Two new research areas

As if I didn’t have enough to do (see my previous post), I have two new research topics that I have plans to release papers on this year. I am posting this very brief note for the benefit of my current readers, some of whom may be interested in these topics as well.

The first relates to my new day job. I am now doing technical writing at Electronic Arts, the game company. There is a lot of game-related content in my book, and I have started talking with various folks within EA about submitting papers on game AI and player behavior.

The second relates to my audit consulting, which I still do on weekends. I did considerable consulting work in 2011 with AARM, an audit firm specializing in finding errors in large advertising budgets (like $100 million per year). They have a blog called Marketing Math that talks about some of the technical, professional, and legal issues in their field.

Where our interests overlap is in the field of time reporting. I’m interested in modeling how people spend their time, how time is divided up into tasks for reporting purposes. They’re interested in whether people report their time accurately. The results so far have been very stimulating. For an example of the sort of stuff they do, check out:

Time Keeps Ticking

There will be more on this topic later this year. If you’re interested, please write!


Back in action

Wow, that was a much longer hiatus than I intended. During March I took on a new job, moved to a new apartment, and started a new relationship. It had a predictable impact on my science output.
I am back, still working on footnotes to my book, still posting, still in the game. Thank you for


A very promising discussion

There is an intriguing ‘meeting of the minds’ going on over at Tallbloke’s blog right now. The topic that sparked it was an old controversy from the 19th century, about whether an air column confined to a container would be cooler at the top than at the bottom (because of gravitation).
The fellow who introduced the


Progress on book launch

Despite many distractions and challenges, I have completed making planned cuts to the manuscript of The Decline Effect. (Those who might worry that I’m removing something essential should see my previous post: I’m just going to settle for three graphs on a given topic instead of four.)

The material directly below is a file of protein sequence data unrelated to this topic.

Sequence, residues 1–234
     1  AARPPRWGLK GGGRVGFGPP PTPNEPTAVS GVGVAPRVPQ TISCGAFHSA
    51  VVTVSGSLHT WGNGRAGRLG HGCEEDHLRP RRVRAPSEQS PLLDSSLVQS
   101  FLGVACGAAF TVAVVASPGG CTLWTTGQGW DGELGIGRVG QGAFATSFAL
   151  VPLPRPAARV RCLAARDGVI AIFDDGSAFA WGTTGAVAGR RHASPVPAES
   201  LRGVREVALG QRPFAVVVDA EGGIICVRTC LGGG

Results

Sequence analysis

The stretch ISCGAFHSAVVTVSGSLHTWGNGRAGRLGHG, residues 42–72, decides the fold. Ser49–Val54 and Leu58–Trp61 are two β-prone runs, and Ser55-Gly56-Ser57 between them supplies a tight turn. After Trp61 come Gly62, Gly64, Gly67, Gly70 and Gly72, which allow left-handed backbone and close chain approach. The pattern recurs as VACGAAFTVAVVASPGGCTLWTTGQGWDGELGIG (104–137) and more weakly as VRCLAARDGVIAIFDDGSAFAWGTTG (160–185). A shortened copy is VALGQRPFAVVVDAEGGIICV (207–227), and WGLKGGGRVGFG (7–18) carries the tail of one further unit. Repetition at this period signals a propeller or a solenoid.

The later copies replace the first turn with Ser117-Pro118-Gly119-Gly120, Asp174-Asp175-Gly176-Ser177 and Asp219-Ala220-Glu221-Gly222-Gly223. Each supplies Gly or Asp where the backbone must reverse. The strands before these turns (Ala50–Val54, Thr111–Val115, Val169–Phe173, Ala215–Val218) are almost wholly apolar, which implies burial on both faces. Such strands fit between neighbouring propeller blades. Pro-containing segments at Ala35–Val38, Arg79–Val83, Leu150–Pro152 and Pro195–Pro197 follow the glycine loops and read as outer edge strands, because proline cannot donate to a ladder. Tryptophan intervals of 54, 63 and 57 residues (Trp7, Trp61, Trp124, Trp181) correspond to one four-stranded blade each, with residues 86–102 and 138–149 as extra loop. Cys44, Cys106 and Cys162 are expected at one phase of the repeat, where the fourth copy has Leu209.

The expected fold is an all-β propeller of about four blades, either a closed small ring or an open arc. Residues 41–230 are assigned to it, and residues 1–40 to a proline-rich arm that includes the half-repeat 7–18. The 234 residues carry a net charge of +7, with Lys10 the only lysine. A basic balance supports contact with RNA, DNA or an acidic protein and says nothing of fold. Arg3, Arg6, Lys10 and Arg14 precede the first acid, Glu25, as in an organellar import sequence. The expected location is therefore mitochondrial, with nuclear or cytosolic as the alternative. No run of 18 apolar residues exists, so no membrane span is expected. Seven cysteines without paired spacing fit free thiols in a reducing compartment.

Now I’m working on building the final index. It’s


The decline effect gets some press, good and bad

In today’s National Post, there is an interesting piece by Joseph Brean on the subject of spurious statistical correlations in science. It touches briefly on the decline effect, but not in a way that I find entirely encouraging.
Brean cites several papers, including one by Young and Karr on problems with irreproducible results, in the journal


Better news for Tallbloke (Climategate II)

The other day I reported that fellow blogger Tallbloke had had two computers and a router seized by the Norfolk police, as part of the investigation into the Climategate e-mail hack. He was not named as a suspect, just a tenuous link in an evidence chain. There was intense concern among skeptic bloggers over the


Climategate II hits home

A few weeks ago, my ‘Pot Lid’ paper got a favorable mention on Tallbloke’s climate blog. Today I find that acting on a request from the U.S. Department of Justice, a platoon of British policemen descended on Tallbloke’s house and seized several computers.
This isn’t about ‘Pot Lid’. There was another big dump of 5,000 or


More on the decline effect in drug research

There are a number of good articles on the ongoing problems with developing new drugs, but this one leaped out at me. In particular, check out the logarithmic decline in new drugs brought into use per billion $ of research and development funding:

There are some facts not shown in the graph that need to be


The scary truth about audit software blogging

This post is something of an experiment.
As I said in a previous post, I’m interested in knowing just how big the community of expert audit software users is, and where to find them. So I’ve been doing a variety of searches, including setting Google to search only on blogs — that is, on WordPress and


Experimental data uploaded, new page

I have added a page entitled ‘Bayes and decline‘ that will deal with the more technical details of the decline effect. In particular, it will explain why I regard the phenomenon as only explainable using a Bayesian approach.
I’ve also updated the Downloads page by adding an Excel spreadsheet with some probability experiments I ran several